Social Complexity


Social Complexity is the study of nonlinear social processes through the use of models from complexity theory combined with computational methods

Social Systems


A social system is a set of individuals and relations between them through which they form part of some interdependent organization as a whole.

Social Institutions


Social institutions are a central object of study within the social sciences, they represent enduring patterns of organization or structures built up around some social function, religions, governments, and families are all institutions that have stood the test of

Social Interdependence Theory


Social interdependence theory is a social theory which holds that social systems are primarily defined by the type of interdependencies between their members.

Social Agents


In the social sciences, agency is the capacity of individuals to act independently and to make their own free choices. Agency is normally contrasted to natural forces, which are causes involving only unthinking deterministic processes.

Social Functions


Within any given social system a number of collective functions need to be performed for the system to be maintained and develop over time, these functions might include, basic biological reproduction of the population, for which we have the institution of the family, or economic functions such as manufacturing products, for which we have businesses or political functions such as collective social decision making for which we have the institution of government.

Social Structure


In the social sciences, social structures are the patterns of social arrangement in society that are both emergent from and determinant of the actions and relations between agents, as enduring patterns of behavior and interaction they define some form of order to the overall system.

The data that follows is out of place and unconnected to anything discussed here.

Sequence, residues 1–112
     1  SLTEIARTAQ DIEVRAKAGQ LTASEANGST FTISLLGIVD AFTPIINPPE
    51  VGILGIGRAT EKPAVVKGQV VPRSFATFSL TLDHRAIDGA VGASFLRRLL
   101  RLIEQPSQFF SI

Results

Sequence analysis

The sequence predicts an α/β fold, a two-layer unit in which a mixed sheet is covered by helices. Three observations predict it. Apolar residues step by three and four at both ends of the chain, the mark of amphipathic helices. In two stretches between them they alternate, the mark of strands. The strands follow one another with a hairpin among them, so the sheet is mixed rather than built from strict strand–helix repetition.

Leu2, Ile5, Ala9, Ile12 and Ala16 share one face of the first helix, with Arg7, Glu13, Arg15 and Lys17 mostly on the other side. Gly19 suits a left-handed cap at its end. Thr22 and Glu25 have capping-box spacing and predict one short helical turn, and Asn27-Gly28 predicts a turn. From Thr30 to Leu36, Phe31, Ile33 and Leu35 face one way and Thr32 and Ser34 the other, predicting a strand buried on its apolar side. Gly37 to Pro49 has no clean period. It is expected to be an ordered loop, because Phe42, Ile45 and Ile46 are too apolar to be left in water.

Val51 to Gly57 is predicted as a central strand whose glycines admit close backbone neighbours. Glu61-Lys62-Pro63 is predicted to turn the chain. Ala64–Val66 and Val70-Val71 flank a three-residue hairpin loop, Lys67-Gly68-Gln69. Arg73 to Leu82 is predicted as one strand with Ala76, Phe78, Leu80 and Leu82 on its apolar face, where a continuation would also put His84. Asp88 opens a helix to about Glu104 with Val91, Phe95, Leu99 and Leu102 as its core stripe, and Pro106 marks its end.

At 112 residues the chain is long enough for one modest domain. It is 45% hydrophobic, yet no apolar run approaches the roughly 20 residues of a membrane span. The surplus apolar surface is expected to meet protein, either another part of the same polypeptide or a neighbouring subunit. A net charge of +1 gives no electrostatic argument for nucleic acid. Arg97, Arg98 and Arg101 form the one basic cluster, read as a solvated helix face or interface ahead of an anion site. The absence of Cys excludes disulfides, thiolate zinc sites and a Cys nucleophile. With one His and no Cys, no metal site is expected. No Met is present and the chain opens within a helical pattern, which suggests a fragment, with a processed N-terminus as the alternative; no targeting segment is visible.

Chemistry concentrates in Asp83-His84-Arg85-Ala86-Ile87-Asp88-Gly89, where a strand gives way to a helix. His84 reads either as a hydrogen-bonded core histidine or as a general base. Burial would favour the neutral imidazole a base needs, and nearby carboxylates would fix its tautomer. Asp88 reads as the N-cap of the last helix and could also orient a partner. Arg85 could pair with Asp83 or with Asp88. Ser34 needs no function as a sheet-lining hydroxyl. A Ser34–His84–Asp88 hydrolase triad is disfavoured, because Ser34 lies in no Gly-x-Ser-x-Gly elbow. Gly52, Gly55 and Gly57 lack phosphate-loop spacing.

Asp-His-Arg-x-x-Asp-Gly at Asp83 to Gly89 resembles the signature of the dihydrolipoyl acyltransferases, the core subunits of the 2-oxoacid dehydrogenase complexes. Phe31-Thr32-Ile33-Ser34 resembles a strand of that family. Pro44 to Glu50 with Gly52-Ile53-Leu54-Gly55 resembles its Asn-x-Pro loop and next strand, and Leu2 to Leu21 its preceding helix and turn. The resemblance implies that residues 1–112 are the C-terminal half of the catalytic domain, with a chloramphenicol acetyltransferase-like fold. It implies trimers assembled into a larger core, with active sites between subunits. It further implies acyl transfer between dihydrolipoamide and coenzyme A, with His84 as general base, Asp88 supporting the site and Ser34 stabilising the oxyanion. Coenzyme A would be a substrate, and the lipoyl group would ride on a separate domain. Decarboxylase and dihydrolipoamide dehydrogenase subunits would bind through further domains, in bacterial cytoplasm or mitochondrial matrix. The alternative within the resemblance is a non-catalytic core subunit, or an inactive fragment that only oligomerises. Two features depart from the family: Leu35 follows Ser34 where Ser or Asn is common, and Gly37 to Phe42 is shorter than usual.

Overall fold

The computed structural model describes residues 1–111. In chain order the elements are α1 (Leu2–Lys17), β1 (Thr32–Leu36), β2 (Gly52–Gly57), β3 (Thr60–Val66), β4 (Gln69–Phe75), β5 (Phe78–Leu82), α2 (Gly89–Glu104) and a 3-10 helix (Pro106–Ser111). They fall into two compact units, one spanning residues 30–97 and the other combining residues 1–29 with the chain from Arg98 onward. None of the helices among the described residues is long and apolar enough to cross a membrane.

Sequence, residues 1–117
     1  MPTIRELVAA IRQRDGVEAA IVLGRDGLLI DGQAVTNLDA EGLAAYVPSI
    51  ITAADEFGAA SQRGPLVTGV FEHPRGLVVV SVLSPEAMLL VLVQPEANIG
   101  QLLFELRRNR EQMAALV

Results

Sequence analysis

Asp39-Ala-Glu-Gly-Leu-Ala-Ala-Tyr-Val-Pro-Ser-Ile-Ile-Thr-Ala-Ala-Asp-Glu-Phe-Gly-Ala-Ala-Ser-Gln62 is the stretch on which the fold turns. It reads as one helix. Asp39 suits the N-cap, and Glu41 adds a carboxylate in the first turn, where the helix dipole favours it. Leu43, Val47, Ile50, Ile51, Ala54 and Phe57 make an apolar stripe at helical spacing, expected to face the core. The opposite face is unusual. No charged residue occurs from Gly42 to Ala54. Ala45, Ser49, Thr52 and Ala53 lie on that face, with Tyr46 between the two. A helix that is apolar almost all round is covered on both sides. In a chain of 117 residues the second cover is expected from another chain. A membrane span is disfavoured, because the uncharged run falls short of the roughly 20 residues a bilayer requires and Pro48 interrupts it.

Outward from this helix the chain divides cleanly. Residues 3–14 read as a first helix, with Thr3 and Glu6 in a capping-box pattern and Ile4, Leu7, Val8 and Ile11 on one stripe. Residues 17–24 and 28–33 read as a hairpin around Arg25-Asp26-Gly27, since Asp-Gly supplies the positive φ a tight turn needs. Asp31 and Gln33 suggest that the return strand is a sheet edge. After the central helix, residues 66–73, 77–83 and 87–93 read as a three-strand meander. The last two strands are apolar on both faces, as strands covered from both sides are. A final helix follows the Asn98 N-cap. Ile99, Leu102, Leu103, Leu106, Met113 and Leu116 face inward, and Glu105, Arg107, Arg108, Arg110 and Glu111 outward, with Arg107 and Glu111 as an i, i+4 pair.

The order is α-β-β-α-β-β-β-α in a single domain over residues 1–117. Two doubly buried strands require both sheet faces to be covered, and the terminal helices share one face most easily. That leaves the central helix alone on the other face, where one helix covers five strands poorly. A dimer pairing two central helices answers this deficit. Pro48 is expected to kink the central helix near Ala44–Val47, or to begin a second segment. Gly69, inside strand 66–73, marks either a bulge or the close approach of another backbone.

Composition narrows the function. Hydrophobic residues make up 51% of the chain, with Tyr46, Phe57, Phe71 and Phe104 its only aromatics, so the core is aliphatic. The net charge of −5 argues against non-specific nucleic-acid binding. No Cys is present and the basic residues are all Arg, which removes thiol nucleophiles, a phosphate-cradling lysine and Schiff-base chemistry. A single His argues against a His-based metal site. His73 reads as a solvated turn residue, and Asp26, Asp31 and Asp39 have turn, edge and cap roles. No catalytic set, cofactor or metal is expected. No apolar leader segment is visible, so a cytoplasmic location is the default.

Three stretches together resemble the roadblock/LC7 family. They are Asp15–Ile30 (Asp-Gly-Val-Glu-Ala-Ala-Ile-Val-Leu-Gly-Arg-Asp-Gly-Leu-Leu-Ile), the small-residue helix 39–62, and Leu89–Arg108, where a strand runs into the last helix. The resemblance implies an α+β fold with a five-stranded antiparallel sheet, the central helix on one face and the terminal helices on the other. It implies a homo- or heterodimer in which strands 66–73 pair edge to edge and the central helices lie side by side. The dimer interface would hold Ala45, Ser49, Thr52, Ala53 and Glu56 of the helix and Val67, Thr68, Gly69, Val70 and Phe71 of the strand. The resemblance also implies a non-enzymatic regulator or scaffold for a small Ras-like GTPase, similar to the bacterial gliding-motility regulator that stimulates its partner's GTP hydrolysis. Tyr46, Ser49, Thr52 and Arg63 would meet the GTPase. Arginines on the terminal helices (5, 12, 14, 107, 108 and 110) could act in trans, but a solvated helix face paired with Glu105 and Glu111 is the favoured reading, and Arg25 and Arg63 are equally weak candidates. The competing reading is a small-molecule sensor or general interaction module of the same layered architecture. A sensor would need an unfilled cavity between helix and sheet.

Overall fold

Social Self-Organization


Self-organization is a type of pattern formation, a means through which some form of order or coordination is developed. There are essentially just two basic methods through which social coordination and order can occur.

Social Networks


A social network is an abstract representation of a social system in terms of its relations and structure of connectivity. The basic constituents of a social graph are nodes and edges, nodes are people or groups of people, edges - also called ties - represent the relationships between these social actors, which can come in many different kinds, such as friendship, kinship, colleague etc.

Social Network Structure


Social network structure describes the makeup of the overall social network. There are a number of major factors shaping the overall make-up to a social network including the density of connections being a primary factor as it tells us how connected an agent is on average;  the average path length is a second key overall metric as it tells us how close together any two agents are on average.